You may value a tree, in your garden or in the street, for any number of reasons: for the wildlife it supports, or for its shade on a hot day, or simply because it’s beautiful. But can we put a number on that value? In short, what is a tree worth?
Plenty of people have asked themselves the same question, especially in climates with hot summers, where people tend to spend a lot of money on air conditioning, and therefore shade is a valuable commodity. In California, Sacramento’s community-owned electricity utility – with the delightful acronym Smud – has an online tree benefit estimator that will estimate the number of kWh (and thus the amount of CO2) saved by any given tree. You could use this to put a value on an existing tree, or predict the value of a new tree you are thinking of planting. Smud will then give you a free tree, and its website has lots of good advice on looking after your new specimen.
Smud’s benefit estimator makes clear that tree location is crucial, in ways that aren’t always obvious. For example, you might think that south of the house would be the best place for a tree, but it’s not. Because shadows are short around midday, unless it’s very big, or very near the house, a south-facing tree doesn’t shade the house very much.
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Trees on the west side of a house are by far the most valuable, because they provide long shadows in late afternoon when the air is hottest, which is also when people return home from work and switch on the air conditioning. From Smud’s perspective, meeting this peak demand is expensive.
But even trees in the “wrong” place may shade another property. Recent research in Toronto, another city with hot summers and lots of air conditioning, found that about half the shade benefit of urban trees was received by houses not on the plot where the tree was actually growing. What’s more, they found that worrying too much about the perfect strategic location of a tree was a mistake; urban trees typically have quite a high mortality rate, so in practice it’s best to focus on choosing the best spot from a purely “gardening” perspective, i.e. where the tree is most likely to thrive. As long as your neighbours are doing this, too, everyone benefits. Nor should you think you are doing this only for the benefit of someone who will own the house after you have moved on; even young trees provide significant shade, especially if you choose a fast-growing species such as birch.
Of course, shade may not seem a priority in a predominantly dull, cool country like Britain – although we may change our minds if climate change continues and we get more hot summers like 2003.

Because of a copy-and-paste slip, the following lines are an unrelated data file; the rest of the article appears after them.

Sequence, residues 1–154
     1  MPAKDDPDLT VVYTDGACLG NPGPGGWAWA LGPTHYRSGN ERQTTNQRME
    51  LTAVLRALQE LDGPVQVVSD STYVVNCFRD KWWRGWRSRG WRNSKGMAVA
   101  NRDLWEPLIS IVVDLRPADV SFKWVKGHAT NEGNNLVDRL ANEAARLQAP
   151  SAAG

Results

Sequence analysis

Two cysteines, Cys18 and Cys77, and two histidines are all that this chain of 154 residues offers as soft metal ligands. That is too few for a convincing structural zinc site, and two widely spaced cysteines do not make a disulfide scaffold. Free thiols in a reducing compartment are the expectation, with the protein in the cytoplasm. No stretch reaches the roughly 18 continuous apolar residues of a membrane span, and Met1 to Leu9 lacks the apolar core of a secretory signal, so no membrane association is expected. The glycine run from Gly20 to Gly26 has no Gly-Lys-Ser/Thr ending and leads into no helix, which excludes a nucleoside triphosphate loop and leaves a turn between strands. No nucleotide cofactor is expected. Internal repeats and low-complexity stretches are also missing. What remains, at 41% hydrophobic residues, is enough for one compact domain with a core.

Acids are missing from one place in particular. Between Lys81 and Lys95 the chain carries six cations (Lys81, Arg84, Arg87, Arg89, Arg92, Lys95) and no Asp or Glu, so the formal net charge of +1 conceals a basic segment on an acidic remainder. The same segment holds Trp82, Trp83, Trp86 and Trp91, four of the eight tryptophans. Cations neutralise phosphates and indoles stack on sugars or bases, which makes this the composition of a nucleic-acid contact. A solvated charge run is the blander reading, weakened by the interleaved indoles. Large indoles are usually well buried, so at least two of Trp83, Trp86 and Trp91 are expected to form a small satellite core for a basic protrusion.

In any case, trees may provide many other benefits, such as improving air quality, reducing storm-water flooding, reducing noise and increasing privacy, among others. It’s not easy to include all these advantages in a single measurement, but one way is to look at the effect of trees on house prices. Many researchers have done this, across the world, and the consensus is clear: people are prepared to pay more for houses in neighbourhoods with more trees.
But much of this research raises more questions than it answers. For example, it often fails to distinguish between different sorts of trees (e.g. conifers vs broadleaves), or trees in different places (e.g. garden vs street trees). Some recent Australian research (in Perth) tried to look at these missing variables. This kind of survey is always complicated, for the simple reason that many things influence house prices, and you want to know the extra effect of trees, in addition to all these other things. For example, in Perth, all the usual things have big positive effects on house prices, such as more bedrooms or bathrooms, garage space and swimming pools (remember, this is Australia). Like nearly every other study, this one also found a big positive effect on house prices of the presence of trees, in fact AU$16,889 on average. But this effect was found only for street trees; trees actually on a property had no effect, positive or negative, on the price of the house on the same plot.
Given that people generally like trees, this must mean that people also see problems with trees on their own property, such as dropping leaves, damage to paving and drains, costs associated with pruning, thinning and ultimately removal, and possible damage to the house itself (fuelled by paranoid insurance companies). Big trees may also compete for space with other things, such as a veg plot or a patio. In contrast, public trees are seen as providing all the amenity with none of the costs.
There are two messages here for homeowners. First, street trees are valuable things, and you should make every effort to keep them, even if your cash-strapped local authority is reluctant to replace old trees or plant new ones. Losing your street trees could reduce the value of your house by up to five per cent. The second message is especially for gardeners: choose the right tree in the first place, plant and look after it properly, and do not be frightened by their (largely imaginary) problems. And don’t imagine that starting with a big tree rather than a small one will give you a head start; it won’t.
One final thing, which may disappoint those of you who hope that climate change will eventually enable your street to look like Hollywood Boulevard. In the Perth study, house prices were increased only by broadleaved street trees. Palm trees had no effect on house prices.